Controlled Substance Refills
Several drugs are considered controlled substances, and refills on these prescriptions are strictly regulated, if they are even allowed to be prescribed at all. Schedule V drugs are the least restricted. Refills on these controlled substances can be obtained up to five times within six months of the date the original prescription was written. Schedule I drugs cannot be prescribed at all.
In the United States, a controlled substance is a drug or other substance that is restricted and controlled completely. This means that the manufacturing of the drug or substance, as well as its ownership, delivery, use, and disposal, are restricted by the government. A few common examples of controlled substances include morphine, marijuana, and cocaine.
Some controlled substances are available as prescription medications. Depending on several factors, a prescription for a controlled substance may or may not be allowed to be refilled.
Controlled Substance Refills and Schedules
Controlled substances are placed into five different categories, called Schedules. These Schedules are represented by the Roman numerals I, II, III, IV, and V. Schedule I drugs are the most restricted. Prescriptions cannot be written for Schedule I drugs, so they are not seen in pharmacies.
Schedule II, III, IV, and V drugs may be prescribed by a healthcare provider and dispensed from pharmacies. Schedule V drugs are the least restricted.
Schedule II medications cannot be refilled. Every prescription must be a new, "hard copy," original prescription. There is nothing preventing your healthcare provider from writing you a new prescription every month; this is not the same as refilling the medication. These new prescriptions (like all Schedule II prescriptions) cannot be faxed or phoned to a pharmacy.
Schedule III, IV, and V controlled substances can be refilled up to five times within six months of the date the prescription was issued. This means that your healthcare provider can write you one prescription with five additional refills. Your pharmacy can refill the prescription five times (in addition to the original fill) within six months.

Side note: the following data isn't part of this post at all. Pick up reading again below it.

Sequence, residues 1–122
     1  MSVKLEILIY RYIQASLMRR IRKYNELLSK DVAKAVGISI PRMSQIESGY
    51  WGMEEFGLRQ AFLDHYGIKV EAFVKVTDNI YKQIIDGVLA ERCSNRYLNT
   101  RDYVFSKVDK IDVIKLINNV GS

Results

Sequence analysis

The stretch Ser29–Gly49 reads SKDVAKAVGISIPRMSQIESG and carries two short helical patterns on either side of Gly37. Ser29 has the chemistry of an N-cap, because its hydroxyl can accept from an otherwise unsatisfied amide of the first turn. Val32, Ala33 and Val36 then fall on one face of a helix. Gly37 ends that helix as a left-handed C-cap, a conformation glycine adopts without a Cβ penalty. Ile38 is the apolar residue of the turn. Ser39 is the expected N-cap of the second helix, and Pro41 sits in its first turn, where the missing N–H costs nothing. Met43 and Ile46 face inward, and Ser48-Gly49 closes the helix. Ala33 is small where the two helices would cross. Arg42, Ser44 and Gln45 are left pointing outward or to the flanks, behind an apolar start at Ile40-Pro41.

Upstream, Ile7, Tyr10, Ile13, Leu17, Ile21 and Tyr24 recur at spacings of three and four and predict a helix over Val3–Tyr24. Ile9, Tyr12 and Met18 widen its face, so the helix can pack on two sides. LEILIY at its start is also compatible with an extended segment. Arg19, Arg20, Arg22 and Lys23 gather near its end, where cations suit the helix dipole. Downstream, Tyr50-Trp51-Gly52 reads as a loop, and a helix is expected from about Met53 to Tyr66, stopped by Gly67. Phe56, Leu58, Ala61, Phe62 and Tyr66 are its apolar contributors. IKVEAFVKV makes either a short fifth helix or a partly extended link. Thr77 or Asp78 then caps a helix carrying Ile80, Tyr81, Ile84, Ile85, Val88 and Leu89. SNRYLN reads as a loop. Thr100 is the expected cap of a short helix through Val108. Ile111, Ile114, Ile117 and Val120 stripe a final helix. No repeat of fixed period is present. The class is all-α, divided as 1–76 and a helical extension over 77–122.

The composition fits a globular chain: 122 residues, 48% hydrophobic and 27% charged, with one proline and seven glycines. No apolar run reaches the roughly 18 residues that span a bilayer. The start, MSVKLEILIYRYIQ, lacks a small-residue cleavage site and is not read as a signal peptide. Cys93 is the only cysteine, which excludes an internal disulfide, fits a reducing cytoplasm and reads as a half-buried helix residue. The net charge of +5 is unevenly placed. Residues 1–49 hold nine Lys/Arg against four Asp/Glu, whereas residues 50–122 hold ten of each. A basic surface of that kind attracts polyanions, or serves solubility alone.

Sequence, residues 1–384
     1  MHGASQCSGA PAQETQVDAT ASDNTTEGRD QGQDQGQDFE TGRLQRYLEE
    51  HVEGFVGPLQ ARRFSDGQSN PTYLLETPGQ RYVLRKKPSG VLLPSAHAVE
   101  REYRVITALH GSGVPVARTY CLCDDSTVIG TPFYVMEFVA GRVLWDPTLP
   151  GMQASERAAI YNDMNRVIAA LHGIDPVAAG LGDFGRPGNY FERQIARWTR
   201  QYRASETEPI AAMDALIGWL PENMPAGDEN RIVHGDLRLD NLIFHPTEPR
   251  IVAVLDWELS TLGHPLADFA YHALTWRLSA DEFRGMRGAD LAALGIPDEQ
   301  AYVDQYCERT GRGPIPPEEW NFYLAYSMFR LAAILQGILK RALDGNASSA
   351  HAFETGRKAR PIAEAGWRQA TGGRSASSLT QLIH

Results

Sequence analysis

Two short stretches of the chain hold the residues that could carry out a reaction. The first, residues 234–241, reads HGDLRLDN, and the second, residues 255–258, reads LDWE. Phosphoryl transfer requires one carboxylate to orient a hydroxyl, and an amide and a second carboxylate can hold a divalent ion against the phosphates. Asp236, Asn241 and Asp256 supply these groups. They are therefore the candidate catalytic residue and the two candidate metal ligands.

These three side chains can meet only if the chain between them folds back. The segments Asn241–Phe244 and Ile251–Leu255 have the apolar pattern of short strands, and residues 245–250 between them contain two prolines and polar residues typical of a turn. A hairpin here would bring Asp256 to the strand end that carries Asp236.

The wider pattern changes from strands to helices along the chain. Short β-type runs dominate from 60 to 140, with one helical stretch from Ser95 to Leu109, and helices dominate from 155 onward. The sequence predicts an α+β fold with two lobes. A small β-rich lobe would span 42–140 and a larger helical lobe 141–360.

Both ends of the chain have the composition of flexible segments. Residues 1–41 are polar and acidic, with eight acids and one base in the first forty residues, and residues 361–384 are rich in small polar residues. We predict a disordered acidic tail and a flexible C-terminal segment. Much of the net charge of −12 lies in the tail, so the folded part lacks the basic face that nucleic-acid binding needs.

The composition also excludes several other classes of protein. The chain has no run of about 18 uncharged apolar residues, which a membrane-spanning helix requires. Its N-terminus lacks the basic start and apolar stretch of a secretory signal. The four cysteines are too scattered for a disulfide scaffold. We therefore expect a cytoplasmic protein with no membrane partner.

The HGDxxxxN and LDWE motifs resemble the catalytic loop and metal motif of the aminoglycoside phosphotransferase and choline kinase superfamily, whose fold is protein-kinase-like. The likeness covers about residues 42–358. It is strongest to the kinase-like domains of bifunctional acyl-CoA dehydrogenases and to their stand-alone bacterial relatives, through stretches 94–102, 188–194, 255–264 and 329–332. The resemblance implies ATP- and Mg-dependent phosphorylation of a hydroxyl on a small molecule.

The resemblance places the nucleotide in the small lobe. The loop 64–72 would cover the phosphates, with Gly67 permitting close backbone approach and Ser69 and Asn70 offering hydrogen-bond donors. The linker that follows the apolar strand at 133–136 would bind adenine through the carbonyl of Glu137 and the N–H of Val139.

After the refills are used up or the six months expires, whichever comes first, your healthcare provider will need to issue you a new prescription for the controlled substance. Your healthcare provider can phone or fax the new prescription to your pharmacy.
According to federal law, Schedule V controlled substances can be refilled as many times as authorized by the prescriber for up to one year. However, many states restrict Schedule V refills much as in the same manner as Schedule II or III medications (they may be refilled no more than five times in six months from the date of issue).
No matter what type of medication, if your healthcare provider gives you a prescription with no refills, then the prescription cannot be refilled without a new prescription. If your healthcare provider inadvertently tries to give you more refills than is allowed by law, these additional refills will not be honored by the pharmacy.
(It should be noted that this article describes the rules and regulations for controlled substance prescriptions in regular "retail" pharmacies. The rules for the use of these medications in hospitals, long-term care facilities such as nursing homes, or other such facilities are significantly different.)